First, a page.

Was the entire film shot in North Carolina?
Yes. I had never been there before. It’s beautiful. We shot from May to December mainly in Wilmington, Winston-Salem and Greensboro.
Would you comment on the art seen in the film? Was it created for the movie?
No. It’s real. Much of it from Black Mountain, it’s a real place. We got a lot of it on loan. Franz Kline and other contemporary artists work is on display.
I enjoyed this movie a lot more than I expected. I’ve never read a Nicholas Sparks novel but this film is beautiful, moving and actually about something substantial.
Thank you, I appreciate that. I’ve never read Sparks and have only seen one movie adaptation — THE NOTEBOOK. When I started the project, everyone said Sparks was corny and melodramatic. I just wanted to be conscious about it and honest. And organic as possible. I wanted to rely on myself and the actors to put our own touch on it. Even though it’s a romance, it has so much to say about life.
In the editing process, can you ever see the movie fresh for the first time!
Yes, it’s never fresh ever! That’s the tough thing for filmmakers. Sometimes you have to open it up. That’s why we have have test audiences. I used to not like it. Early in my career I was always on pins and needles and thought I was going to have a heart attack. But now I see how important it is and embrace it. You want to know who the movie is for. That matters.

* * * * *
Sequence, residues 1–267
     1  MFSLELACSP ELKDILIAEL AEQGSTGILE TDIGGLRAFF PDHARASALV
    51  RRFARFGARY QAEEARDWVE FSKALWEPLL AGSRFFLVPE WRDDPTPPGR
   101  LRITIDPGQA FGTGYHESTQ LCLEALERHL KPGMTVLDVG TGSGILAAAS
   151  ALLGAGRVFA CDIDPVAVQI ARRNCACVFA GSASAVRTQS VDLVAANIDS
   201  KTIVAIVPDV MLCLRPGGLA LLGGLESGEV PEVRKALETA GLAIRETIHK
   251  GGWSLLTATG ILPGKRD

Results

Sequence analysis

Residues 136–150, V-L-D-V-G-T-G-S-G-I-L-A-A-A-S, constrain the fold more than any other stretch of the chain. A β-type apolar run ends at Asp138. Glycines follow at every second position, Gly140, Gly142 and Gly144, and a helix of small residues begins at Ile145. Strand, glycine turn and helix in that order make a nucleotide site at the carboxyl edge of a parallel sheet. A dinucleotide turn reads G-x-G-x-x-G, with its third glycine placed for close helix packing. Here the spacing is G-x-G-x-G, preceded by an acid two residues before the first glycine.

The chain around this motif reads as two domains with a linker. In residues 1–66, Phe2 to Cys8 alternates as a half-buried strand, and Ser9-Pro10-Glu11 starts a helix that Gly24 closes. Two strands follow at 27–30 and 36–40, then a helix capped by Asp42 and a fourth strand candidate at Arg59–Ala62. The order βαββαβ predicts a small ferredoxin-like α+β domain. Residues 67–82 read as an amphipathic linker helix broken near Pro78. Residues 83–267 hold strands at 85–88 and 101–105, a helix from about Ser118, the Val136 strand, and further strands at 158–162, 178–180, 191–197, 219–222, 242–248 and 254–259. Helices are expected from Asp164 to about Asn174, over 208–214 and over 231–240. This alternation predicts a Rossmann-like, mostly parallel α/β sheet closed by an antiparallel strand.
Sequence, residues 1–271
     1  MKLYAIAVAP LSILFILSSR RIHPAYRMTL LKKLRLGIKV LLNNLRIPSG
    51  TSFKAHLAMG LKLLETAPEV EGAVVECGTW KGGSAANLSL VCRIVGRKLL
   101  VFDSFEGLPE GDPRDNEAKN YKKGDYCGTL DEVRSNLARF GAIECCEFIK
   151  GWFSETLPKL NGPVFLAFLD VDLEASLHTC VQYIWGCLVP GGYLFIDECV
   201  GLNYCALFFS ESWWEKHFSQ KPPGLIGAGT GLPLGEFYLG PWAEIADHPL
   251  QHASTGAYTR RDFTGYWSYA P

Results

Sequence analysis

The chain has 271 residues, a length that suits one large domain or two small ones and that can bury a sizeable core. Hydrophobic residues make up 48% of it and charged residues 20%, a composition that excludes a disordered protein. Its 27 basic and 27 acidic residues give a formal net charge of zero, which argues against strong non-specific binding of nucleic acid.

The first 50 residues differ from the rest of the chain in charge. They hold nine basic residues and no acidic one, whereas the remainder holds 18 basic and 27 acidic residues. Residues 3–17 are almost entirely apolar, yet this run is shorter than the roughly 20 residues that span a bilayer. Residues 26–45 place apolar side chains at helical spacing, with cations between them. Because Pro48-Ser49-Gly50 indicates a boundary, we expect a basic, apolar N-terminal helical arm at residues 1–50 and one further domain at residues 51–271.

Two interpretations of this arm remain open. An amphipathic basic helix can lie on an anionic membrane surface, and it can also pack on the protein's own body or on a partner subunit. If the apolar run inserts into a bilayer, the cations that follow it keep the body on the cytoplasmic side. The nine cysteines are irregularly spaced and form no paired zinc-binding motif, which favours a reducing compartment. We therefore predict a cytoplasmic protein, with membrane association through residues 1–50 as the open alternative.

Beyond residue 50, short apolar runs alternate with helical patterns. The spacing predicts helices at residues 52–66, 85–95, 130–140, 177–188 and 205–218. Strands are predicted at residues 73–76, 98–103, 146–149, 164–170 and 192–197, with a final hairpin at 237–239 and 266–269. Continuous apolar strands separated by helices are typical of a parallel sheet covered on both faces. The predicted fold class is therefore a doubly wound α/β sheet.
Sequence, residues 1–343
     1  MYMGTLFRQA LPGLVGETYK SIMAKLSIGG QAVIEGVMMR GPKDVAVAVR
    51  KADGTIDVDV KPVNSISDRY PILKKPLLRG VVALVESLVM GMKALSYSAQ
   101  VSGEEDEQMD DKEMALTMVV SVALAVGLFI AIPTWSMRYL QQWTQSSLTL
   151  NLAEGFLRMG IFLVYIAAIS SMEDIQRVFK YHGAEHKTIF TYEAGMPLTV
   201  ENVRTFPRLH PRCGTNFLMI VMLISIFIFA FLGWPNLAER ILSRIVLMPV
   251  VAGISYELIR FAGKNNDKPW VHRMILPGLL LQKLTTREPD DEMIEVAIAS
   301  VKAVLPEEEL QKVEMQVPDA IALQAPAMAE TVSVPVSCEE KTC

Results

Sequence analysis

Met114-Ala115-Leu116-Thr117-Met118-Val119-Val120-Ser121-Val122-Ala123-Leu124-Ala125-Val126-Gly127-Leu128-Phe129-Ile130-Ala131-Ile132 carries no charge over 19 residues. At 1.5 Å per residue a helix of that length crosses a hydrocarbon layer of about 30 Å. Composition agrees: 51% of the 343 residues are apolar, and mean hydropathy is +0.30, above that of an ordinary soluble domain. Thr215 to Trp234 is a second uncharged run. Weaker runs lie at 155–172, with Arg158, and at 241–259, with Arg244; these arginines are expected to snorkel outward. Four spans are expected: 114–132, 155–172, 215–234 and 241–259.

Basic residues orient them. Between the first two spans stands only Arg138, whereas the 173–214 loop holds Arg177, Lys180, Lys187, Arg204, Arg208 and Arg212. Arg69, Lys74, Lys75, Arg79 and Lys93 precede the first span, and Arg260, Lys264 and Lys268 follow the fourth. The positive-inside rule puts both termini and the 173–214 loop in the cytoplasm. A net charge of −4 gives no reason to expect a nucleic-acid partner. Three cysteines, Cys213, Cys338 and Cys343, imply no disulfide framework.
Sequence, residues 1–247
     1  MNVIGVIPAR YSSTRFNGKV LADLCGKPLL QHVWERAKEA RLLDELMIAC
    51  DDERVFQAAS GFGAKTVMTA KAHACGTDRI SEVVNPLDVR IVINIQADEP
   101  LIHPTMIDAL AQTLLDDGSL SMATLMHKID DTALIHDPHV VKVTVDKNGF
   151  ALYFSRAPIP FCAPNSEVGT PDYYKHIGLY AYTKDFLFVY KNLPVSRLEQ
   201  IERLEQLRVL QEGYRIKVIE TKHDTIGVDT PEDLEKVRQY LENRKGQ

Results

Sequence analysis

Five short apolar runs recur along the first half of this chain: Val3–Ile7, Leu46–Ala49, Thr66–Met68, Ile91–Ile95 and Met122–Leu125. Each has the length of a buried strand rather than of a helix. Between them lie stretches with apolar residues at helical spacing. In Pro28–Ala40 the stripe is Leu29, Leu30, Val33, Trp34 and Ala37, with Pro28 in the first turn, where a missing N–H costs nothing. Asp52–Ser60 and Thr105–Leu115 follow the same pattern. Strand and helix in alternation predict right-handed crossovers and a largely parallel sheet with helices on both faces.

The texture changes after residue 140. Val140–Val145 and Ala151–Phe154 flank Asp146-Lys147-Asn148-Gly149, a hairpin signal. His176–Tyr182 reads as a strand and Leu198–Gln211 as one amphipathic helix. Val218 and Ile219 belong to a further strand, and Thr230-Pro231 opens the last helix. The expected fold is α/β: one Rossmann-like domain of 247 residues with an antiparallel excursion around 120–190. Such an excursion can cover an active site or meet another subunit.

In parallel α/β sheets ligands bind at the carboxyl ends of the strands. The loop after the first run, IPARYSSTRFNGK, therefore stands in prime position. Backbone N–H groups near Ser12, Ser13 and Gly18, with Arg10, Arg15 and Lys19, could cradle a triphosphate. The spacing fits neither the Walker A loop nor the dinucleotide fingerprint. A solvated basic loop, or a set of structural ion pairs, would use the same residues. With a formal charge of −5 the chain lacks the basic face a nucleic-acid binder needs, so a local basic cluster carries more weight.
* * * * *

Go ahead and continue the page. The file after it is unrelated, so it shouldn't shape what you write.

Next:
It seems to me this film is made for a wide demographic that includes young and old.
Yes, that is what I was wanting to make. One story is for my mom and dad and the other is for my sister. The way the studio is advertising it is for a younger people.
It’s a great date movie, that’s for sure.
I agree with that.
What are you working on now?
I just completed shooting a pilot for NBC and I’m finishing that up. I have a great script, the Miles Davis biopick. It’s on hold until some legal issues are resolved. Like “THE LONGEST RIDE,” it’s two different stories. One takes place in the 1940s and the other in the 60s. I like trying different things.